# Calculate $142^{381}$ mod $773$ without a calculator .

Calculate $$142^{381}$$ mod $$773$$ without a calculator .

Attempt:

$$142^{(3\cdot 127)}=142^{381}$$ By try some number's $$142^1\equiv142\pmod{773}$$ $$142^2\equiv66\pmod{773}$$ $$142^3\equiv96\pmod{773}$$

Lets check the gcd between $$773,142$$ $$\gcd(773,142)$$ $$773=142\cdot 5+63$$ $$142=63\cdot 2+16$$ $$63=16\cdot3+15$$ $$16=15\cdot 1+1$$ $$15=1\cdot15+0$$ $$\gcd(773,142)=1$$ How to find the answer from here ?

• Your calculations are not correct. $142^1 \equiv 142, 142^2\equiv 66, 142^3\equiv 96 \pmod{773}$ Dec 25, 2020 at 22:10
• @RossMillikan Correct, I edited Thanks for the Correction.
– ATB
Dec 25, 2020 at 22:15
• Ast the end of your question you seem to be assuming $\;773\;$ is prime. Are you given this or have you already proved it? Dec 25, 2020 at 22:20
• Clarification requested: what is the query's context (i.e. background)? Is this a problem that you made up for yourself, or is this a problem that was assigned to you from a book/class/online-pdf? My first step was to consult my number theory book to confirm that 773 is a prime. Then, I factored $142 = 2 \times 71.$ Then, I considered exploring $(71)^2 \pmod{773}, (71)^3 \pmod{773}, \cdots$ In my opinion, my approach (which might not be the only approach) is not feasible for me without a calculator. Dec 25, 2020 at 22:39
• @TonyK Note that the OP did not outlaw using an abacus. Dec 25, 2020 at 22:41

Let

$$x = 142^{381} \pmod{773}.$$

Since $$773$$ is prime, by Fermat's little theorem we have

$$142^{772} = 1 \pmod{773}.$$

Therefore, either

$$142^{386} = 1 \pmod{773}$$

or

$$142^{386} = -1 \pmod{773}.$$

We can distinguish the two cases using Euler's criterion. To that end, we need to compute the Legendre symbol

$$\left(\frac{142}{773}\right) = \left(\frac{71}{773}\right)\left(\frac{2}{773}\right)$$

where we used the fact that Legendre symbol is a completely multiplicative function. Next, we use the law of quadratic reciprocity to find

$$\left(\frac{71}{773}\right) = \left(\frac{773}{71}\right) = \left(\frac{710 + 63}{71}\right) = \left(\frac{63}{71}\right)$$

and similarly

$$\left(\frac{63}{71}\right) = -\left(\frac{71}{63}\right) = -\left(\frac{8}{63}\right) = -\left(\frac{2}{63}\right)\left(\frac{2}{63}\right)\left(\frac{2}{63}\right).$$

Substituting, we see that

$$\left(\frac{142}{773}\right) = -\left(\frac{2}{63}\right)\left(\frac{2}{63}\right)\left(\frac{2}{63}\right)\left(\frac{2}{773}\right).$$

Now, using the property known as the second supplement to the law of quadratic reciprocity

$$\left(\frac{2}{p}\right) = (-1)^{\frac{p^2-1}{8}}$$

we find

$$\left(\frac{2}{773}\right) = -1 \\ \left(\frac{2}{63}\right) = 1.$$

Therefore,

$$\left(\frac{142}{773}\right) = 1$$

and so $$142$$ is a quadratic residue. Consequently,

$$142^{386} = 1 \pmod{773}.$$

Now, substituting $$x$$ and partial results listed in the question

$$x \cdot 142^5 = 1 \pmod{773} \\ x \cdot 142^2 \cdot 142^3 = 1 \pmod{773} \\ x \cdot 66 \cdot 96 = 1 \pmod{773} \\ x \cdot 152 = 1 \pmod{773}.$$

Thus, we see that $$x$$ is the multiplicative inverse of $$152$$ modulo $$773$$. We can find it by computing Bézout's coefficients using Euler's algorithm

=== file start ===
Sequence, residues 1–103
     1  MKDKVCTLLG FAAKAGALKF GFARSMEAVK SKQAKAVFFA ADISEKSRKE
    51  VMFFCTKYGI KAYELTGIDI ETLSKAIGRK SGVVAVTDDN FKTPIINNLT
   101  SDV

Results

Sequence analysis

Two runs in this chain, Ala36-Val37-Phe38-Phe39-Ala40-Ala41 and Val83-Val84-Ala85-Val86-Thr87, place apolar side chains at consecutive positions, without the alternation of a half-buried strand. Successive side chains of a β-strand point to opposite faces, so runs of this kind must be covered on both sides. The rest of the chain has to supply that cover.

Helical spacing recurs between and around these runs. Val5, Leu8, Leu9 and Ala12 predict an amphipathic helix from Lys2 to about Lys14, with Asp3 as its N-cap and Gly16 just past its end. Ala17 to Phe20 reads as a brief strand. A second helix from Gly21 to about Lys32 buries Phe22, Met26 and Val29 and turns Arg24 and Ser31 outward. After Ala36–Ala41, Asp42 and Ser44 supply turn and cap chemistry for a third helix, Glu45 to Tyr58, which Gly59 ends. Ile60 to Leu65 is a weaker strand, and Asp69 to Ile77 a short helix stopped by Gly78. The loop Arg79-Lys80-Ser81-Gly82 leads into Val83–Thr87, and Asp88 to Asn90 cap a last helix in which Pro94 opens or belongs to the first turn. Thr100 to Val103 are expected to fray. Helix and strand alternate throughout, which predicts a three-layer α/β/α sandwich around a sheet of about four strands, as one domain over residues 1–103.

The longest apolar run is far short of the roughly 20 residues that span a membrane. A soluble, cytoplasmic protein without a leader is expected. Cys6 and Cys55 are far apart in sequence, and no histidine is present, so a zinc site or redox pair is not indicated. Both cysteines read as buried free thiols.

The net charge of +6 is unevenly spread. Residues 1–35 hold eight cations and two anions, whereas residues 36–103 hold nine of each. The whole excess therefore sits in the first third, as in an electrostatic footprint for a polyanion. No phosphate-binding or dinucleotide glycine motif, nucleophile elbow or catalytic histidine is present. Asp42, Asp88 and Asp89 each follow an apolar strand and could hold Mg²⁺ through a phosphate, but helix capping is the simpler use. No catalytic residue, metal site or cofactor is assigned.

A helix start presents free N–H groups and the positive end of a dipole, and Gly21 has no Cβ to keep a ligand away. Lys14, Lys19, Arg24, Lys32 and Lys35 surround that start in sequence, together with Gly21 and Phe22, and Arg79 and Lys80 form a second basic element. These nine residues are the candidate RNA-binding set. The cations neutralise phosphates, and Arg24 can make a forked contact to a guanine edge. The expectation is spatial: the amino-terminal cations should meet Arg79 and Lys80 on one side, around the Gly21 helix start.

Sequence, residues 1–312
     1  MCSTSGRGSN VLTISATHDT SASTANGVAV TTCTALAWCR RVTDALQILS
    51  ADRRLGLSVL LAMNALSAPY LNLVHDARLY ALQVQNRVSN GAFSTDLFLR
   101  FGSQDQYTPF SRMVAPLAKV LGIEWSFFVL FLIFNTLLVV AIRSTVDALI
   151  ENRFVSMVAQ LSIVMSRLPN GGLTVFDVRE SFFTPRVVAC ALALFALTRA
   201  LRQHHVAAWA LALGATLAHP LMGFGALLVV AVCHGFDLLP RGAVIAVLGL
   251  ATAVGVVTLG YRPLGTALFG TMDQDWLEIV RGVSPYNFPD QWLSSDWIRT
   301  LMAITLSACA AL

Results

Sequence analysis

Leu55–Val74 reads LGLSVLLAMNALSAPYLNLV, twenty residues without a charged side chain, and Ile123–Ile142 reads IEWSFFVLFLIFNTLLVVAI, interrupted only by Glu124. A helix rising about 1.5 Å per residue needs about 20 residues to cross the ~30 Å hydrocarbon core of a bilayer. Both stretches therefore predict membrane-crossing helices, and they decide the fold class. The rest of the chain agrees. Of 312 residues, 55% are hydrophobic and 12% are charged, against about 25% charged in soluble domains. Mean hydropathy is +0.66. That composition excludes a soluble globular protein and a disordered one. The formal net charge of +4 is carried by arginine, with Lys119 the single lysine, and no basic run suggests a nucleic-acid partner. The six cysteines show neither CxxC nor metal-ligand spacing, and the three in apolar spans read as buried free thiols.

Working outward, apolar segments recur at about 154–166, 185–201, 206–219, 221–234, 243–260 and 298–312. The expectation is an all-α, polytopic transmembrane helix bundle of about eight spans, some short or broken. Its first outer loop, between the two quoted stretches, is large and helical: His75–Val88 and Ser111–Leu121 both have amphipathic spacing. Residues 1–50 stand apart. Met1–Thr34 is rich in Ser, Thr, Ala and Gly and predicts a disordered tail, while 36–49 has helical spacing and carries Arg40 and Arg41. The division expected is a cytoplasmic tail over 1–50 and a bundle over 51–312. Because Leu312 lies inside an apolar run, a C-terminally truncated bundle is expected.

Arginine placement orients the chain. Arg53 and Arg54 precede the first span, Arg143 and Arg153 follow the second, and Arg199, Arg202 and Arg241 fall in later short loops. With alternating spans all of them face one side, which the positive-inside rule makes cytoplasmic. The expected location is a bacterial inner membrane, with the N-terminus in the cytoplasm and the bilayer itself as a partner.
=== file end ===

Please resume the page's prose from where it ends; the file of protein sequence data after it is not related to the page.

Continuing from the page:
$$152 \cdot 178 + 773 \cdot (-35) = 1$$

and so we see that

$$178 \cdot 152 = 1 \pmod{773}.$$

Therefore,

$$x = 178 \pmod{773}.$$

Easily we verify $$\,773\,$$ is prime. So $$\!\bmod 773\!:\,$$ if $$\,142 \equiv a^2\,$$ then $$142^{386}\equiv a^{772}\equiv 1\,$$ by Fermat, so $$\,142^{381}\equiv 142^{386} 142^{-5}\equiv (142^{-1})^5.\,$$ By here $$\,142^{-1}\equiv 7^2\,$$ so $$\,142\equiv 7^{-2}\,$$ is indeed a square, so $$\,142^{381}\equiv 49^5\equiv 49(82)^2 \equiv 49(-223)\equiv 178.\,$$ Total time: a few minutes by hand.

• We could also use quadratic reciprocity (Legendre symbol) to check that $142$ is a square $\bmod 773\ \$ Dec 26, 2020 at 0:15
• Did you do $0/773 \equiv 1/142 \equiv -5/63 \equiv 11/16 \equiv -49/(-1)$ (I was too lazy to include the frowns) or something else? Thanks. Dec 26, 2020 at 20:46
• @NeatMath Yes, that's exactly what we get using the fractional extended Euclidean algorithm. Dec 26, 2020 at 21:15

The standard algorithmic solution to the "modular exponentiation" problem is to use "Square and Multiply Algorithm". Let me illustrate:

Suppose you need to calculate $$x^c \bmod n$$

Represent the exponent $$c$$ in binary:

$$c = \sum_{i=0}^{l-1} c_i 2^i$$ where $$c_i$$ is $$0$$ or $$1$$ and $$0 \leq i \leq l-1$$

Then use the following algorithm:

SAM (x, c, n){
z = 1

for i = l-1 downto 0 {
z = z^2 mod n
if (c_i = 1)
z = zx mod n
}

return z
}


Note that there are always $$l$$ squarings. The number of multiplications is equal to the number of $$1$$'s in the binary representation of $$c$$, which is an integer between $$0$$ and $$l$$. Thus the total number of modular multiplications is at least $$l$$ and at most $$2l$$

I used the above algorithm and found the value $$178$$

$$x = 142, c = 381 = \{101111101\}, n = 773$$

Here $$l = 9$$,

hence the number of squarings $$= l = 9$$ and

number of multiplications $$=$$ number of $$1$$'s in the binary representation of $$381 = 7$$

SQUARE: 1
MULTIPLY: 142
SQUARE: 66
SQUARE: 491
MULTIPLY: 152
SQUARE: 687
MULTIPLY: 156
SQUARE: 373
MULTIPLY: 402
SQUARE: 47
MULTIPLY: 490
SQUARE: 470
MULTIPLY: 262
SQUARE: 620
SQUARE: 219
MULTIPLY: 178
===============
FINAL: 178